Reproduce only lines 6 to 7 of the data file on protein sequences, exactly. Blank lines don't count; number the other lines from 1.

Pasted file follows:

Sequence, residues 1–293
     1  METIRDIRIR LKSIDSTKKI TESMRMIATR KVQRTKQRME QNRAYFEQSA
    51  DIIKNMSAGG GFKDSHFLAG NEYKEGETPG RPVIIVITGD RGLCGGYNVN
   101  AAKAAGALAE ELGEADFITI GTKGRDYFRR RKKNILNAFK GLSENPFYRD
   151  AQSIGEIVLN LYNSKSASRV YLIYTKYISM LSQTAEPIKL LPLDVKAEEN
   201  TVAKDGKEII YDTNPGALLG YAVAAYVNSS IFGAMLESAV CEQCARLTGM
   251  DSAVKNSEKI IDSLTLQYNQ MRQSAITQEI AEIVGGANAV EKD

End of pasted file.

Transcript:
   201  TVAKDGKEII YDTNPGALLG YAVAAYVNSS IFGAMLESAV CEQCARLTGM
   251  DSAVKNSEKI IDSLTLQYNQ MRQSAITQEI AEIVGGANAV EKD